This shambling fungus creature bears a strong resemblance to a rotund human, but with a mushroom cap for a head.
Myceloid CR 4
1/day—spore domination (DC 14)
Str 17, Dex 11, Con 16, Int 9, Wis 12, Cha 10
Base Atk +3; CMB +6; CMD 16
Feats Improved Initiative, Iron Will, Skill Focus (Stealth)
Skills Perception +6, Sense Motive +5, Stealth +9, Survival +5; Racial Modifiers +4 Sense Motive, +4 Survival
Languages Undercommon; telepathy 60 ft. (myceloids and purple pox sufferers only)
A creature that dies of the purple pox becomes bloated over the course of 24 hours, after which its body bursts open, releasing a fully grown myceloid. Additionally, as long as a creature takes at least 7 points of Wisdom damage from the purple pox, it must make a DC 15 Will save each day to avoid becoming affected by a lesser geas (no HD limit) that compels the sickly character to seek out the nearest myceloid colony in order to offer itself up for spore domination. The save DCs are Constitution-based.
Once per day as a standard action, a myceloid can expel a 10-foot-radius burst of spores centered on itself. This cloud persists for 1d3 rounds. Any creature caught in this cloud or that moves through it is exposed to the myceloid’s purple pox disease—a creature need save only once against any one spore cloud, however, before becoming permanently immune to that particular spore cloud’s effects. The spore cloud does not hamper vision.
Environment any underground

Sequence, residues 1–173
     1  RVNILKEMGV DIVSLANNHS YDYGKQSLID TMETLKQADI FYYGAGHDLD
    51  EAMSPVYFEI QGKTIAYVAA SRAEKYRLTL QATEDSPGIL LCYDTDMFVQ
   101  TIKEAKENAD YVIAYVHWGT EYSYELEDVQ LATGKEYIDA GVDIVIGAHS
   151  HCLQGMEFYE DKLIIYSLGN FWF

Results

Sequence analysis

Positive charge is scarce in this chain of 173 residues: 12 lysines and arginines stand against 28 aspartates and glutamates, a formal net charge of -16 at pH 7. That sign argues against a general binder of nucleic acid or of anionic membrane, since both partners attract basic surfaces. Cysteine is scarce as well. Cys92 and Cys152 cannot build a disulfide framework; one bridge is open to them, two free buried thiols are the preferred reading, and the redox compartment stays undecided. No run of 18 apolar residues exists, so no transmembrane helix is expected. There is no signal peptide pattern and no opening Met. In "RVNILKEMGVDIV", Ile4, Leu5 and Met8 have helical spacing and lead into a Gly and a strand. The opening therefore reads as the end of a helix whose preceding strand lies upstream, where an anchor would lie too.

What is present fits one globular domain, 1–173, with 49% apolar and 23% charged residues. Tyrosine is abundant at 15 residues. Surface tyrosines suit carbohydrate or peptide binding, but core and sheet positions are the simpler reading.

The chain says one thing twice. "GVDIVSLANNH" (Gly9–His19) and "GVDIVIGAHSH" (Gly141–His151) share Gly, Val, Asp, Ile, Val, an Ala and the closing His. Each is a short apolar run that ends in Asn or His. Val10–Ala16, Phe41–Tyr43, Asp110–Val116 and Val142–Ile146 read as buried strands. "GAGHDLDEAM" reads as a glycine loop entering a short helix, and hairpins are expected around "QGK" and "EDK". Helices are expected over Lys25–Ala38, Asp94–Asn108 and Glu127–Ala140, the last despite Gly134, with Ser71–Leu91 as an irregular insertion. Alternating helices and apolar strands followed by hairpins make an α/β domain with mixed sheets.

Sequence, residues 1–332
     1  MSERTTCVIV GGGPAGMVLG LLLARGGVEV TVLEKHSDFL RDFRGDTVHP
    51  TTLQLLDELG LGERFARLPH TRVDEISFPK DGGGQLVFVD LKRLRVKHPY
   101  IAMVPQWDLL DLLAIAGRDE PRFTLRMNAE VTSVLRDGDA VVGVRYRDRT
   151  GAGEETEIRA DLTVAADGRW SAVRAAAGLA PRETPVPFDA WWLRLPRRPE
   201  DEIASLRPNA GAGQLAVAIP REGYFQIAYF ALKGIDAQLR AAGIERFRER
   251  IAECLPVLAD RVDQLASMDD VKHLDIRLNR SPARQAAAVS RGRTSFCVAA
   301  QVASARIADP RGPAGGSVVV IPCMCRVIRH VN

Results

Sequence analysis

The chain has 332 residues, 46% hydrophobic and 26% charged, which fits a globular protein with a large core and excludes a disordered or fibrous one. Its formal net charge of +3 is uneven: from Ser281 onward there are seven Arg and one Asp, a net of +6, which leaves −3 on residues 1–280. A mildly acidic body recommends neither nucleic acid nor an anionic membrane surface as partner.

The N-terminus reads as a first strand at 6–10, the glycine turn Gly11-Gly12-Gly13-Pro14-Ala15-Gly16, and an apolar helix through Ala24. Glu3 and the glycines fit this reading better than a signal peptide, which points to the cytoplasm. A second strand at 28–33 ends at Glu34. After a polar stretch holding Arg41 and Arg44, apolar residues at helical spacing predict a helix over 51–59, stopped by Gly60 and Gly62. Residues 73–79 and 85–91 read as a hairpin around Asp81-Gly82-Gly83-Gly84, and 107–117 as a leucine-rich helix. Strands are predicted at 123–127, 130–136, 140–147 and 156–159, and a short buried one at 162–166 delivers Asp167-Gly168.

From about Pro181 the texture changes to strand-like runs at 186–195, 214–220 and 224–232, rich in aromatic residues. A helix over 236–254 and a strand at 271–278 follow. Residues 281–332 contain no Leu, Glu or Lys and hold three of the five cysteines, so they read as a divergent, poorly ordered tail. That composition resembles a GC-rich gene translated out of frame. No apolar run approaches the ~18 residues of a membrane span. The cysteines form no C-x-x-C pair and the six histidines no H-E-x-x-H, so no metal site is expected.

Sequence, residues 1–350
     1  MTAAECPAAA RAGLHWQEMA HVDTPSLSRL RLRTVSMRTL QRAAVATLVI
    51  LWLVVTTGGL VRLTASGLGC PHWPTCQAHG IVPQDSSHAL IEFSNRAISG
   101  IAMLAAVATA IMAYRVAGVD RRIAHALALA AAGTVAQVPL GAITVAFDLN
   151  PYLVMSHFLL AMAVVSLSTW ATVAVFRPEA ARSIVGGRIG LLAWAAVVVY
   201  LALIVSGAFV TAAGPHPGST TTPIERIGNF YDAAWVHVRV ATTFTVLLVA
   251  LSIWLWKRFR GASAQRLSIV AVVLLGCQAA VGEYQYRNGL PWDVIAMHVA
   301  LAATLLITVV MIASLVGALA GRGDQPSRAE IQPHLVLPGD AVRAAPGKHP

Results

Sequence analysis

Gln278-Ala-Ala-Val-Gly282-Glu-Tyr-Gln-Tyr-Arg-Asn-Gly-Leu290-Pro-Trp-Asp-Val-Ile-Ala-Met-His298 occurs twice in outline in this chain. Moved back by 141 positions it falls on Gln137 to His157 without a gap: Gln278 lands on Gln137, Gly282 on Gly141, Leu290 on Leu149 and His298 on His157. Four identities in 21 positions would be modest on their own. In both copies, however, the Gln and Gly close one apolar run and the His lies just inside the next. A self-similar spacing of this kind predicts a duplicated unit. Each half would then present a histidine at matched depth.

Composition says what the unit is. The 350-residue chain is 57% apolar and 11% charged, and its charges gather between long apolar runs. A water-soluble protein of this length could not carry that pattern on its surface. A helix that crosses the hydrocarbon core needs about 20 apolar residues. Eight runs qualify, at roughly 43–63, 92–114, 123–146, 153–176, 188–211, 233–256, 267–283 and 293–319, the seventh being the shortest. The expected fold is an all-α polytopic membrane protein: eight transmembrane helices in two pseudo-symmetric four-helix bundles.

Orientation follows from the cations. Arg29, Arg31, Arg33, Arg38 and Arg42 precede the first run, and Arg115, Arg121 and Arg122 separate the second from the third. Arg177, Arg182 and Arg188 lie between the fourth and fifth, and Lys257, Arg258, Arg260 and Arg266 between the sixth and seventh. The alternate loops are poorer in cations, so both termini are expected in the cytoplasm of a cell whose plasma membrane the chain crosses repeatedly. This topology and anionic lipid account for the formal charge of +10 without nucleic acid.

Organization solitary, pair, band (3-24), or colony (25-250)
The walking fungi known as myceloids feed off of decaying organic matter like many other fungi, yet unlike typical mushrooms or molds, they take particular pleasure in feeding from the rotting bodies of humanoids. Myceloids claim to be able to taste things like “innocence,” “despair,” and “hope” in the ripeness of rancid meat, although whether this is true or simply part of the myceloids’ twisted sense of humor is unclear.
Most myceloids have deep purple caps studded with white lumps, and paler purple necks and bodies of tough, leathery fungus. Their spores grow tenaciously in living flesh, causing a rapid spread of painful purple lesions that, in advanced stages of the sickness, sprout tiny purple mushrooms; plucking these mushrooms is painful to the victim and causes bleeding. This condition, known as purple pox, is the method by which myceloids both season their meat and procreate. Myceloids prefer to capture victims alive for later infection and control. To a myceloid, a living creature has three uses—first as a slave, second as a host from which to birth new myceloids, and finally as a banquet to feast upon once the first two destinies have played out.